You may have a hobby that you could turn into a business.
That's why an important part of thinking through your commitment to a new enterprise is to plan to give yourself time away from its demands. This isn't goof-off time or self-indulgence. It's acknowledging that part of your success will depend on stepping back and restoring your energy and perspective.
- Do you have the talent? Not do you think you have it, but do you have it? If you've watched any of the "American Idol" type of TV talent shows, you know that many of the participants have no clue that they can't sing.
Ask people whom you've worked with--as a professional, an employee, a volunteer, a student, a teacher--for an honest appraisal of your strengths. Their answers, which either will confirm or deny your own opinions, also may surprise you. What you think is your quiet determination might be seen by others as stubbornness. On the other hand, someone might say that an exhausting volunteer stint chairing a successful school bond initiative demonstrated your ability to see the big picture.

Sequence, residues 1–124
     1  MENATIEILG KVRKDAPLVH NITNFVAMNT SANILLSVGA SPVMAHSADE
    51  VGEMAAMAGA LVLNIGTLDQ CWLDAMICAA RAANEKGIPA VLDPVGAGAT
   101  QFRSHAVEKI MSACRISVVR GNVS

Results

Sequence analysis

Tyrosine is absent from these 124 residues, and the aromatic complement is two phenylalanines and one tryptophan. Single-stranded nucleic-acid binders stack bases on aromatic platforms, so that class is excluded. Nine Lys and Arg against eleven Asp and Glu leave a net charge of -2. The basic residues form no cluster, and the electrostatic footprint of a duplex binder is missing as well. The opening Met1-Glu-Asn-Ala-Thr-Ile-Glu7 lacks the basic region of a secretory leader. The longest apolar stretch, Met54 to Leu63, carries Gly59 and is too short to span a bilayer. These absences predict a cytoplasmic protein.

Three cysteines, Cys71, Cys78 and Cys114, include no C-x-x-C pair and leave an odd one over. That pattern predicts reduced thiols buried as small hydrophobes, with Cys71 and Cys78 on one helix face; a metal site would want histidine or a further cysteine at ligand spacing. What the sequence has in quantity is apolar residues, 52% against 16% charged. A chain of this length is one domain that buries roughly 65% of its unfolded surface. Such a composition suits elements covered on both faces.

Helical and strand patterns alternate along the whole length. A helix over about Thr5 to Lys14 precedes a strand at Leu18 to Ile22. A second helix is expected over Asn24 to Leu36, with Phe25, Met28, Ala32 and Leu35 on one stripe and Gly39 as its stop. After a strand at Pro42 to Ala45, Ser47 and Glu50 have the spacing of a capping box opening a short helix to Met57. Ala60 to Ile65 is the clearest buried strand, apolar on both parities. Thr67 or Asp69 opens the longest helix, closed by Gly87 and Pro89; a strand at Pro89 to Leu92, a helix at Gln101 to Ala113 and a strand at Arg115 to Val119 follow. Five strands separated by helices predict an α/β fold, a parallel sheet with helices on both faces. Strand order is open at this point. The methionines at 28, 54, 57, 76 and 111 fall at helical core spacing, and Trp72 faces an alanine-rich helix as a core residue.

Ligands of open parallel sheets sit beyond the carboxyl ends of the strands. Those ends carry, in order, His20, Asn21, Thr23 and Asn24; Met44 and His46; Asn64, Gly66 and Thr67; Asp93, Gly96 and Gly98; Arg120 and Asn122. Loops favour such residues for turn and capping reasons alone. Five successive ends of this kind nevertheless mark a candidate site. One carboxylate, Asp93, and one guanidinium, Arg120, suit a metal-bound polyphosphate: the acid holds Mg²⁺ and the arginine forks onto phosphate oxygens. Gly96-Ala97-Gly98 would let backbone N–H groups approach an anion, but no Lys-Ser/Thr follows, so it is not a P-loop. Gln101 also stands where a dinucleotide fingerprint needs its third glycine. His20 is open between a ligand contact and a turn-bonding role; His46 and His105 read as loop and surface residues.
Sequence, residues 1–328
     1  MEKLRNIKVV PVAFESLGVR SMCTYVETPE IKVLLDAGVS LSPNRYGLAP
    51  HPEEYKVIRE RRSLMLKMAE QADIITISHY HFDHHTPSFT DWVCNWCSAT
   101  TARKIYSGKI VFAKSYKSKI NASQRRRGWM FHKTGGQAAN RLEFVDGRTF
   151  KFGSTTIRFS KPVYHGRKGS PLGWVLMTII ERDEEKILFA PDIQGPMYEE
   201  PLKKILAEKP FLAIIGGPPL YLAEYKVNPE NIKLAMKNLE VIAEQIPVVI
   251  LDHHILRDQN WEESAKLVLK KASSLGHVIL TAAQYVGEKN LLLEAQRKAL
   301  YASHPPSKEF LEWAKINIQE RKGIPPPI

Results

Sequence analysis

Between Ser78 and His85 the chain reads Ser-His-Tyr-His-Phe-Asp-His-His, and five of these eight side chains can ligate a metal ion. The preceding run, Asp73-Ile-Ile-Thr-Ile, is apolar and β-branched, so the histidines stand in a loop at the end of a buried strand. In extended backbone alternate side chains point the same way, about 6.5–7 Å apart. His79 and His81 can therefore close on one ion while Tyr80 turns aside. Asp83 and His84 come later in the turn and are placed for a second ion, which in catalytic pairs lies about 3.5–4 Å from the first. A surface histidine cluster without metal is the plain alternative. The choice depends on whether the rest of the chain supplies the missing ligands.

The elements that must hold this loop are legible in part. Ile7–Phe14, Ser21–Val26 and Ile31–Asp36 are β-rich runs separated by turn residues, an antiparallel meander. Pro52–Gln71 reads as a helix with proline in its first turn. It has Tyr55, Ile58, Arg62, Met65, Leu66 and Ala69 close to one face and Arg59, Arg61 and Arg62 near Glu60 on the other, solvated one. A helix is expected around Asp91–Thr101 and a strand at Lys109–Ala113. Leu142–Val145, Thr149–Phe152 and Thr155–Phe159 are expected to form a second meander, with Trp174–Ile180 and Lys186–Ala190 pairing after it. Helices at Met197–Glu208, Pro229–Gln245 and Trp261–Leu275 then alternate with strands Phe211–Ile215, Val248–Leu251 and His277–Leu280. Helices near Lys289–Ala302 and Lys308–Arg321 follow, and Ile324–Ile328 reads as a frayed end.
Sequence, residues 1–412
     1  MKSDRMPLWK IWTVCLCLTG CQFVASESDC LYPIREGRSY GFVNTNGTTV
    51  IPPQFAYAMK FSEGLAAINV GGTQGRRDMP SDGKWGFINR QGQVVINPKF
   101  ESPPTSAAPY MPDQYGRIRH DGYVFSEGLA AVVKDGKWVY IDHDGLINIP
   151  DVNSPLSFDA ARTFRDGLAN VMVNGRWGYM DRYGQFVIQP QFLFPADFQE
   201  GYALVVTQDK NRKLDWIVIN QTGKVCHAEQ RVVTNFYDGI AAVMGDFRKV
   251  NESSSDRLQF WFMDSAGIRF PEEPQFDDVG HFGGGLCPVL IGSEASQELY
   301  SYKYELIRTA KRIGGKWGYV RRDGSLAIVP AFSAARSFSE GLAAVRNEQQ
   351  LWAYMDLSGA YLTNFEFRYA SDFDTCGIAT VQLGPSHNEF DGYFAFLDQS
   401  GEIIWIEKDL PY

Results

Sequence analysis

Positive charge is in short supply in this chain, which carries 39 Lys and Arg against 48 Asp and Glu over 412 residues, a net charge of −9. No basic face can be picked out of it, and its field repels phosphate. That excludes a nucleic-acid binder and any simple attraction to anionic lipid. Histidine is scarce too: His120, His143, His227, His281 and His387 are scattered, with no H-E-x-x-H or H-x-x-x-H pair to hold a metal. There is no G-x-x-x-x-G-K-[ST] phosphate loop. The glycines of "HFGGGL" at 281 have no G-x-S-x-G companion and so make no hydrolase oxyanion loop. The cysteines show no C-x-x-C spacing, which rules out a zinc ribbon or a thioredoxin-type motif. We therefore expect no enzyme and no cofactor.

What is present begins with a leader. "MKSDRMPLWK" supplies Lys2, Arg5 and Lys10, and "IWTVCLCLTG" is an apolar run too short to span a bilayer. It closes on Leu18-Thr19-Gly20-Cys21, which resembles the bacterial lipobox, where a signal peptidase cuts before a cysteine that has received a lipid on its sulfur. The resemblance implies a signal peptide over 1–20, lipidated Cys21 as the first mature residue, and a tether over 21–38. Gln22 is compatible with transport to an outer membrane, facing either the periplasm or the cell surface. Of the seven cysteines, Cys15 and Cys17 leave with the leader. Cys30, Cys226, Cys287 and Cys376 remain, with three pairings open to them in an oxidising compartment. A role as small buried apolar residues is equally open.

- Do you have the people skills? Earlier we discussed how being passed over at work or having your expertise exploited but unrecognized can lead you to go out on your own. If you're contemplating a business that involves a lot of person-to-person contact, one of the most important (and hardest) questions to ask yourself is, "Do I relate well to people?"
If your answer is no, you have a problem. Start-up businesses that depend on people skills, such as consultancies and retail shops, are not the kinds of places you want to turn into classrooms for crash courses on being agreeable, overcoming shyness, or toning down aggressive personalities. Even if your business won't bring you into contact with the public, you'll still have to deal with employees, clients, suppliers, and government officials.
What can you do? Consider partnering with someone who has social skills. Many successful enterprises parcel out front-office and behind-the-scenes tasks to the partners best able to do them.
If you must go it alone and know you have an abrasive or retiring personality, be prepared to spend time either cycling through employees or dealing with the consequences of your inability to clearly say yes or no.